EDF Energy’s Green Fund and the Low Carbon Building Programme have funded a £50,000 solar panel installation project at Ilfracombe C of E Junior School.
The 10.2kW panels will help power computers and lights to save 3.7 tonnes of carbon dioxide. Solar thermal panels will be installed to reduce the amount of gas used to heat water in the kitchens. Together the schemes will result in a 10 per cent reduction in electricity use and a 70 per cent reduction in water heating for the kitchen.
Each classroom will also have web-based access to live data showing how much electricity has been generated by the technology and how much carbon dioxide will be saved.
Headteacher Catherine Cox said: ‘This project will not only support our planet’s sustainable future but will promote our future generation’s knowledge and understanding of the importance of seeking and using renewable energy sources.’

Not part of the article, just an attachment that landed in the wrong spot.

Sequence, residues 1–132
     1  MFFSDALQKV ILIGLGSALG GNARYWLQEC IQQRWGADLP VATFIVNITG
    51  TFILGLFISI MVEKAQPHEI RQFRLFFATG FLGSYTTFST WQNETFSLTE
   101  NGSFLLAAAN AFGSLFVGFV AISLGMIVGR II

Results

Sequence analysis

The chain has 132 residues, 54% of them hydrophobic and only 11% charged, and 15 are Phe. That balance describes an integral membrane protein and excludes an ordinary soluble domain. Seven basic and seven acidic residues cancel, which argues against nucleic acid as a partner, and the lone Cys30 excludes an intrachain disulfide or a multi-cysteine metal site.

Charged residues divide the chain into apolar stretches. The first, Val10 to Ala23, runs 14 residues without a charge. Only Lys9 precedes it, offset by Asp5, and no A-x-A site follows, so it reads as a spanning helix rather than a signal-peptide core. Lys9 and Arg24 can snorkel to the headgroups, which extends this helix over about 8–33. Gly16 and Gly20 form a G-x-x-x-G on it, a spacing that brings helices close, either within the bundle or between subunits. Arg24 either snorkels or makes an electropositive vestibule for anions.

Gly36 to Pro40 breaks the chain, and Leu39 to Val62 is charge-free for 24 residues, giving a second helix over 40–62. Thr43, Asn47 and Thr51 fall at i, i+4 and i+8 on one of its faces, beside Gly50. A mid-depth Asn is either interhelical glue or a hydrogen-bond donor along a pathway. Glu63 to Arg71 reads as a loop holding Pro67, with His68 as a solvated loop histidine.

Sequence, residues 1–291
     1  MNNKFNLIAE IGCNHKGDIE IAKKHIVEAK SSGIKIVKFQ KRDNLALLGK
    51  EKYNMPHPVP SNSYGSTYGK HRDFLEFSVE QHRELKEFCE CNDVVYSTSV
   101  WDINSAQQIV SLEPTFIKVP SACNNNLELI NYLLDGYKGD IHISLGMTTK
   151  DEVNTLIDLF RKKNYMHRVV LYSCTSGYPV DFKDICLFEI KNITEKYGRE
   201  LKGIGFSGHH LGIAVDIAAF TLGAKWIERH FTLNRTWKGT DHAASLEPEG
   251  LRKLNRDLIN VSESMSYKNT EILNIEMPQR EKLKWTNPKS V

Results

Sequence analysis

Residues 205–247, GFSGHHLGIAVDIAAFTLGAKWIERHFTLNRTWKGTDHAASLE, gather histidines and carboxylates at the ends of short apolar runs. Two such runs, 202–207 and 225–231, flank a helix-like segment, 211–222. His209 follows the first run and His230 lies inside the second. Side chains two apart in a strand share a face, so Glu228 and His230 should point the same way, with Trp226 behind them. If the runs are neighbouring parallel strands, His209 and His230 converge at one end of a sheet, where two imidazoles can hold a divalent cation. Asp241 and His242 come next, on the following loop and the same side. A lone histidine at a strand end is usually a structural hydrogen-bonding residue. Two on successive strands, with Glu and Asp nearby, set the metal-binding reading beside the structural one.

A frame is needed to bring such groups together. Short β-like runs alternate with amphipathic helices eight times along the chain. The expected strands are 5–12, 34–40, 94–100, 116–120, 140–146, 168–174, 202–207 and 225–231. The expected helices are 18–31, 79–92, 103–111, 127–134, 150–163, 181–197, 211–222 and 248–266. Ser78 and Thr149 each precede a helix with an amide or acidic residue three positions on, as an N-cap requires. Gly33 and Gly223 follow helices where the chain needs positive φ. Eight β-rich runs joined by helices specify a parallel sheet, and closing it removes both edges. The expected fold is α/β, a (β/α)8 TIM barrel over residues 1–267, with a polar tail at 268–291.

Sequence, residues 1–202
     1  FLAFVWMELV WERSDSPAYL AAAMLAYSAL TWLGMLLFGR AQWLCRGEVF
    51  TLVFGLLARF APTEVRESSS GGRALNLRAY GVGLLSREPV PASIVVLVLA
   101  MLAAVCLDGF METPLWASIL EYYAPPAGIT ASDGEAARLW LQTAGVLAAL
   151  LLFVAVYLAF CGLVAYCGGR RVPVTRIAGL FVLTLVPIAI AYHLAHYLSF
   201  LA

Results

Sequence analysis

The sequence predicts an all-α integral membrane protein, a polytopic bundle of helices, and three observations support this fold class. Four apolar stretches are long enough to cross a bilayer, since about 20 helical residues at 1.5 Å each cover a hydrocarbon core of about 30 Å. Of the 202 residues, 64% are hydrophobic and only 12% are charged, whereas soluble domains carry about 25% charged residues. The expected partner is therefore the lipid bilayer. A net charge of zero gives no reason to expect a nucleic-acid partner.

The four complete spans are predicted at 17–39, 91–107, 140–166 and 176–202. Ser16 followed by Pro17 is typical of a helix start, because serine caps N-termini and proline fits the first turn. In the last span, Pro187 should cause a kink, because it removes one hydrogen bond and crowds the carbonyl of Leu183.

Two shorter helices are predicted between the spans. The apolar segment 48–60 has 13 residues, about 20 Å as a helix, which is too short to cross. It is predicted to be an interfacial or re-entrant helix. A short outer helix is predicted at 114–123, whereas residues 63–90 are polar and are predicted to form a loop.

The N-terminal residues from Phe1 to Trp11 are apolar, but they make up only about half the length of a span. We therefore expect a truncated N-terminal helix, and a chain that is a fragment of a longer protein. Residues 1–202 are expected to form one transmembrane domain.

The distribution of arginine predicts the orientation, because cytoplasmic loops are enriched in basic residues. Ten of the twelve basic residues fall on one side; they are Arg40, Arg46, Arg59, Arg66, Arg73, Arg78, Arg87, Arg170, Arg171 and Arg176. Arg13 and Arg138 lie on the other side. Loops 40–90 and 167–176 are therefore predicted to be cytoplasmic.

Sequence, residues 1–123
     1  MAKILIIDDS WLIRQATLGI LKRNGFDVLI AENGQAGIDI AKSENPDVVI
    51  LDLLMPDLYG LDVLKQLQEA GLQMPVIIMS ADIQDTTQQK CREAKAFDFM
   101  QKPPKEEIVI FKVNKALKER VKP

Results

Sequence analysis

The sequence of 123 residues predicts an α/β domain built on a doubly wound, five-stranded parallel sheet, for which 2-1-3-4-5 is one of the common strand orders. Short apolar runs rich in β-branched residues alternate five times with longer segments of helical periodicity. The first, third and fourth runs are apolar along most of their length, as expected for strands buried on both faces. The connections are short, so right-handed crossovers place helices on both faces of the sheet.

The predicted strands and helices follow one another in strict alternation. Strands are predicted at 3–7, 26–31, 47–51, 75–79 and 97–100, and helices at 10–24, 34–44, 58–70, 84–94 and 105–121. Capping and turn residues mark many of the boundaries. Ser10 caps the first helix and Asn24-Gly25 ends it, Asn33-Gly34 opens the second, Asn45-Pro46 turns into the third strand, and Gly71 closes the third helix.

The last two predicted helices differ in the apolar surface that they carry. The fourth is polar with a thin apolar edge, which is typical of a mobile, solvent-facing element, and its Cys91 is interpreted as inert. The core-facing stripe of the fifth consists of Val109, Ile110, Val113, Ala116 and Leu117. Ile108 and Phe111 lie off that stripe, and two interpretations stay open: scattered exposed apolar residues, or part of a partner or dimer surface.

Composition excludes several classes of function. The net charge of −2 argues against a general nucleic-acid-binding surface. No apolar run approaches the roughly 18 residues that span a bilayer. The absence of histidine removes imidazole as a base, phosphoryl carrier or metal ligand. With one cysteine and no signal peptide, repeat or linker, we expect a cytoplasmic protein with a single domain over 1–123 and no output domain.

EDF Energy’s director sustainable future Peter Hofman added: ‘Young people have their whole lives ahead of them as energy consumers and children at this school are learning how small changes make a big difference to the environment.
‘This solar project is the next step and will give thousands of children a first-hand experience of renewable energy in their own school grounds.’
The school has an active eco-team involving teachers and children. One member has set up the school’s recycling of paper, cardboard, stamps, printer cartridges, spectacles, mobile phones and batteries. This has reduced waste to landfill by more than 30 per cent. Every week the school composts over 60kg of school dinners and lunch waste and use it in the organic vegetable garden.
EDF Energy has awarded £3.6m to 200 renewable energy projects since the Green Fund was launched in 2001. The fund aims to showcase renewable energy projects, which produce power from the sun, wind, water and geothermal sources.